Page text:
Strong winds, high water knock out power across West Virginia

CHARLESTON, W.Va. — Strong winds and high water were causing all kinds of problems in West Virginia to start the new week with the end of February in sight.

At one point on Monday morning, more than 75,000 homes and businesses in West Virginia did not have power following a high of 91,000 outages statewide on Sunday night.

“This storm really blew across our entire service area,” said Phil Moye, spokesperson for Appalachian Power.

The case was the same for FirstEnergy, the parent company of Mon Power and Potomac Edison.

“Not only Mon Power, not only First Energy, but other utilities throughout the region are all in the same boat,” said Todd Meyers, manager of external communications at FirstEnergy.

From Sunday into Monday, the weather system packing prolonged damaging winds was affecting states from Illinois to the East Coast.

Sustained winds of 15 mph to 40 mph were being reported along with frequent gusts of 40 mph to 55 mph or higher, confirmed Simone Lewis, a meteorologist with the National Weather Service in Charleston.

High Wind Warnings or Wind Advisories from the National Weather Service were scheduled to continue in West Virginia’s Eastern Mountain and Eastern Mountains into Monday afternoon at least.

Such warnings were indications of sustained winds at 30 to 40 mph with gusts of up to 65 mph and as high as 75 pmph for elevations above 3,000 feet.

On Sunday, records showed gusts of 88 mph and 83 mph hour at and near Snowshoe in Pocahontas County.

In Tucker County, Canaan Heights saw gusts of 74 mph. Wheeling hit 63 mph, Martinsburg 66 mph, Elkins 59 mph and Charleston 54 mph, according to information from NWS.

“That does not do the trees any good and, in some cases, (we’ve had) not only tree branches but entire trees coming down into the lines,” Meyers said.

Because of the widespread nature of the damage and limits on outside help as a result of the storm’s reach, he said it could be late Thursday before most power service is restored to customers of Mon Power and Potomac Edison.

Moye said it would be later in the day Monday before Appalachian Power could begin to make any projections about restoration.

Part of Sixth Avenue in Huntington was closed on Sunday because of falling glass from windows at the Prichard Building being broken in high winds.

For many across West Virginia, Monday was a cleanup day.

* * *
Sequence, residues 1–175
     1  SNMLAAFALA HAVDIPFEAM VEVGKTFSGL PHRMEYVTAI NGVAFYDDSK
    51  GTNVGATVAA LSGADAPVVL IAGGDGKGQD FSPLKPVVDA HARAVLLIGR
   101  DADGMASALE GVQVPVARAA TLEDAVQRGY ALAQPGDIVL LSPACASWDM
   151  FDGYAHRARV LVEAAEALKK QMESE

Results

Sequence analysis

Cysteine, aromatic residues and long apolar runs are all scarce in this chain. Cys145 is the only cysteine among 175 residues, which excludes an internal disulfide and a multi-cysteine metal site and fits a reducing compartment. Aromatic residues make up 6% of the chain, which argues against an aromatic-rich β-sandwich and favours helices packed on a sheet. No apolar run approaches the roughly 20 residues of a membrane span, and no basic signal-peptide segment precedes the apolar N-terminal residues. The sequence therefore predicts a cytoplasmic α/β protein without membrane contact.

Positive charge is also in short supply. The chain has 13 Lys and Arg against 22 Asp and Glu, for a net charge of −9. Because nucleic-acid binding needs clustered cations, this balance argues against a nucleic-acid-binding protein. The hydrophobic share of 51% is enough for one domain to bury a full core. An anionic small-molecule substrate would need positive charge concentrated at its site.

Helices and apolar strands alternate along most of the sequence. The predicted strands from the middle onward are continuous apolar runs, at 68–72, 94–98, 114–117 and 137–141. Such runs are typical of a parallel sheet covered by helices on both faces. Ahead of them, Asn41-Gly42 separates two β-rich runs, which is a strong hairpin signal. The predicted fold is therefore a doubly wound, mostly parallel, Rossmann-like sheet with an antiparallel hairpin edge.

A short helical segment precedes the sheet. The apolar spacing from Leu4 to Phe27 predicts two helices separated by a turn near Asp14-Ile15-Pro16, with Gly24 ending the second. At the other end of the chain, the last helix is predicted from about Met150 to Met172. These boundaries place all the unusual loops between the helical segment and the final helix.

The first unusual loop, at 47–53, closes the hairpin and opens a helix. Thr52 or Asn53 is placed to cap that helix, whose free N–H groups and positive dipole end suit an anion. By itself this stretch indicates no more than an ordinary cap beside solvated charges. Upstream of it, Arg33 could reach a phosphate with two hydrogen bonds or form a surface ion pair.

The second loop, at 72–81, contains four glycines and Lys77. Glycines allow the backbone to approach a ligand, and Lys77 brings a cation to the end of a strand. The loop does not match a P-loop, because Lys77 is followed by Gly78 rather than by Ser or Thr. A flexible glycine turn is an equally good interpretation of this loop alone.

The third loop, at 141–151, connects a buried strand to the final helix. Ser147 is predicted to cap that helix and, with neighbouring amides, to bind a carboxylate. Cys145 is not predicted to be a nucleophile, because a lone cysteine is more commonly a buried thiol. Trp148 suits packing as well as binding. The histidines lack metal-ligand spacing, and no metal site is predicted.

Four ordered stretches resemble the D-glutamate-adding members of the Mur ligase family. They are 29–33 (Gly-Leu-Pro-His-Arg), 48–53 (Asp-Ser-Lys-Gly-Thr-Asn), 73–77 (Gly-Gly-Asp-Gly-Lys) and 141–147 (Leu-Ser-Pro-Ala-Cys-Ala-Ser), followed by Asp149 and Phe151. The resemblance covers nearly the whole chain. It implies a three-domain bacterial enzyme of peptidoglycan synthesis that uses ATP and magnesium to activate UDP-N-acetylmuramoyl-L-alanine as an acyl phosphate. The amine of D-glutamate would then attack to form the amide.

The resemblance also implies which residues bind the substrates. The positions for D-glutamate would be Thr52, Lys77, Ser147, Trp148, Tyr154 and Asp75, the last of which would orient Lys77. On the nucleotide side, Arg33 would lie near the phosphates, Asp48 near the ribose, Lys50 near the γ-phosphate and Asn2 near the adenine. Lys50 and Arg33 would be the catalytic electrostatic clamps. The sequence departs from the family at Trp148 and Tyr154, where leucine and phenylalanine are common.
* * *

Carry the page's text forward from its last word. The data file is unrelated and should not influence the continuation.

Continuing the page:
“(They’re) Cleaning up fallen trees and the debris from the wind storm,” said Lora Lipscomb, public information officer for the state Division of Homeland Security and Emergency Management.

“Everyone is kind of grouping together — the Division of Highways and our first response agencies, the local volunteer departments are working alongside crews from utility companies and they’re clearing trees from roadways and trying to assist with power restoration efforts.”

Power outage damage assessments and repairs were being slowed by continued strong winds along with high water.

Workers could not safely make repairs from buckets as long as wind speeds topped 30 mph, power officials said.

Numerous road closures were reported across West Virginia for mudslides and rockslides along with downed trees and power lines.

Public schools were closed in six counties — Brooke, Doddridge, Marshall, Morgan, Preston and Wayne — with individual school closures in other counties and delays in more than a dozen others.

The Ohio River was expected to run above flood stage at Point Pleasant in Mason County, where a Flood Warning was in effect, until late Tuesday morning.

In Lincoln County, the Guyandotte River at Branchland was expected to fall below flood stage later Monday.

Flood Warnings were extended into Monday afternoon for counties generally along the Interstate 64 corridor between Huntington and Charleston and south into southern West Virginia.

“Emergency management and local officials continue to report flooding conditions across portions of the warned area,” forecasters said.

Overall, though, “There should not be, as of our latest report, should not be any major river flooding,” said Lipscomb.

Better weather was ahead for West Virginia, according to Lewis, the meteorologist.

“It’s actually looking dry until probably about Thursday or Friday and then we have another system, but it’s not going to be anything like what we had over the weekend,” she said.





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